As officials try to help steer a planned $49 million overhaul and expansion of Volunteer Park’s 83-year-old Seattle Asian Art Museum toward a 2019 celebration of a new life for the cultural center, residents of the wealthy neighborhoods surrounding the park have rallied to oppose the plan as it enters a key environmental review.
From protectvolunteerpark.org, a citizen-created site dedicated to stopping the expansion of the museum:
Send comment letters to PRC@seattle.gov and be sure to reference Master Use Project # 3024753. You can also enter this number at this City web site to see project documents. In commenting on an environmental review, it is helpful to reference questions from the SEPA Environmental Checklist such as: What views in the immediate vicinity would be altered or obstructed? Would the proposed project displace any existing recreational uses? What measures do you propose to avoid, minimize or mitigate for deliberate impacts to historic structures or cultural resources?
As of Monday, around twenty letter writers had answered the call. You can see some of their thoughts above. And here, below. The good news is you, too, can be a Seattle Asian Art Museum Master Use Permit commenter — your email to PRC@seattle.gov referencing project #3024753 is due by Wednesday, November 30th. UPDATE: The city has been petitioned to hold a public meeting on the land use approval. It has been scheduled for December 15th at Miller Community Center. In the meantime, you can continue to provide public comment via email or at the upcoming meeting.
CHS attended the most recent community meeting discussing the project from the Seattle Art Museum in collaboration with Seattle Parks and Recreation on November 19. The session helped answer a few questions and provided a forum for community members to voice concerns and opinions on the proposed project to extend the Asian Art Museum into Volunteer Park.
The planned fall 2017 project would expand the Asian Art Museum 3,600 square feet into the park from the east side of the 1933 historic building. The museum aims to add more display space to represent South Asia and India as well as fix infrastructure issues including a climate control system, seismic upgrades, and making the museum ADA accessible, Seattle Art Museum director Kimerly Rorschach said.
“It’s not surprising there are some people, especially in the immediate neighborhood of Volunteer Park, who don’t like the idea of any expansion into the park,” Rorschach said. “I certainly understand that and we’ve tried to be as thoughtful and as modest about that as possible in our proposal.”
The project could be part of a decade of work lined up for the park’s features as the early 20th century elements of the much-loved green space age and require costly upgrades and replacement.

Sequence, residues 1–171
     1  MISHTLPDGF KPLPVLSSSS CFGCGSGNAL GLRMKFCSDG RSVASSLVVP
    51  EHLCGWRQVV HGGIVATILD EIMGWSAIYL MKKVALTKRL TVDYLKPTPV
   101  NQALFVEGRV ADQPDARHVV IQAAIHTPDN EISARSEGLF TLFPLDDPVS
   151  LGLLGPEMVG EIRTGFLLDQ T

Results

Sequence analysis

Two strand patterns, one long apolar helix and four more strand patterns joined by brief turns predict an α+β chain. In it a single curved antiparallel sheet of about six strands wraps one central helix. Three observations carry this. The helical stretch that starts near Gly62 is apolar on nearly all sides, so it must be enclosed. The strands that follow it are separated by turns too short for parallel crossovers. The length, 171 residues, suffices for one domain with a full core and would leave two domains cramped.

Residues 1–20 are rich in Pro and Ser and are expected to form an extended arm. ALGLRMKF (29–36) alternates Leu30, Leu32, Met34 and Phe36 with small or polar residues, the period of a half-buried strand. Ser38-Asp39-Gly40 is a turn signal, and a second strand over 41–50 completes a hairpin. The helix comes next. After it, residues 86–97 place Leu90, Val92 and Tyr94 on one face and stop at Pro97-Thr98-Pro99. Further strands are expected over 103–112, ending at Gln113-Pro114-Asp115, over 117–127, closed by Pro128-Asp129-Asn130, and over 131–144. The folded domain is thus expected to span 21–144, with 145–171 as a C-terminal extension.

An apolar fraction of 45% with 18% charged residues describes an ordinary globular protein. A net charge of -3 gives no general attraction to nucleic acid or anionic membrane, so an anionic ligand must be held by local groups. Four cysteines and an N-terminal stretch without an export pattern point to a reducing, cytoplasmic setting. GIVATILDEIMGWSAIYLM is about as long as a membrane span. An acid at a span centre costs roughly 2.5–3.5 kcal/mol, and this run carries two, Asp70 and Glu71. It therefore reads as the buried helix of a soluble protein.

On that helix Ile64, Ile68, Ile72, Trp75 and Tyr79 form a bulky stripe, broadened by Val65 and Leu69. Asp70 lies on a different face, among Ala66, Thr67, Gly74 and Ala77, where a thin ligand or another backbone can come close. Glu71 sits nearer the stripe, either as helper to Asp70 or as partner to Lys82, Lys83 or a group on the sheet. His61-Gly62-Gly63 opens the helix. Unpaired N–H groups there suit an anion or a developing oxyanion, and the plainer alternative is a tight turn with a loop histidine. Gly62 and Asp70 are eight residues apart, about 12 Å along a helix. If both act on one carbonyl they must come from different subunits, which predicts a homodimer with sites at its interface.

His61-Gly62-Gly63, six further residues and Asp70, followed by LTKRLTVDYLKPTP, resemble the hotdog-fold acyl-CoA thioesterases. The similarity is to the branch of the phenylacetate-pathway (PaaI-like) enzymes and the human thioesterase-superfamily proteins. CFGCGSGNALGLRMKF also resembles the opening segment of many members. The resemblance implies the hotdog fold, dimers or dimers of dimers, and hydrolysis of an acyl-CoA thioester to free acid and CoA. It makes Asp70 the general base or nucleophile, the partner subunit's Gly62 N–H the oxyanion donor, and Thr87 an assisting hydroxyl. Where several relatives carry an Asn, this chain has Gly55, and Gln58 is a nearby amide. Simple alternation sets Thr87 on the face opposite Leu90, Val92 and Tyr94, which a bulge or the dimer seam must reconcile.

The proposed SAAM project is estimated to cost $49 million. According to Rorschach, 60% will come from private donors, 20% from earned revenue like admissions, and the last 20% from their endowment fund and other sources.
UPDATE 11/30/2016: Here is how the city breaks down the budget for the project from minutes from a parks board meeting (PDF) shared with us by Jonathan in the comments, below. A 2014 agreement approved by the City Council reactivated million of city funds for the project — funds first set aside as part of the 2008 parks levy. In the just signed 2017-2018 budget, the city has allocated $14 million from those funds to go toward the project.
Some residents were concerned with increased traffic the expansion could bring. The museum currently sees an average of 80,000 visitors every year and think the expansion would increase visitors to 100,000, Rorschach said.
“Our mission is not to enrich ourselves,” Rorschach said. “We’re not trying to draw a jillion more people, we are trying to serve the audiences we have better and grow them appropriately to the size of the facility.”
Members of the community at the latest session were divided in their opinions of the expansion, with some voicing concern about the lack of input from surrounding neighbors.
Elisabeth Humphreys has been a resident in the neighborhood for five years and was concerned about the impact the expansion would have on nature in the park, she said.
“It will tear my heart out to see all the construction,” Humphreys said. “They [SAM] don’t care about the community. The way to win in this environmental situation is to build programs that help people not infrastructure that is profit-motivated.”
Other community members were open to the idea of the expansion. Bob Corwin, a neighbor in support of the project, spoke during the community event.
“There is anger a lot of anger here,” Corwin said to the crowd. “I saw from the first meeting, the museum is at a fork in the road. I’ve followed from the beginning the design process, and as far as I’m concerned, they’ve done very well in confiding with us.”
The community forums are held in high regard when planning, Rorschach said. For example, the original plan of the expansion was to include a landscape terrace area with a seating for both museum patrons and the public. However, after concern from community members that it didn’t match “the Olmsted vision,” the museum withdrew the idea.
“To some, but maybe not to all, the museum expansion is a great addition to the park,” she said.
Rorschach might be right. CHS also found two letters from neighbors supporting the project:
Maybe after Wednesday, officials will find more.
An additional meeting will take place Saturday, December 10 at the Seattle Asian Art Museum from 1:00 to 2:30 PM. For more information, check out seattleartmuseum.org/inspire.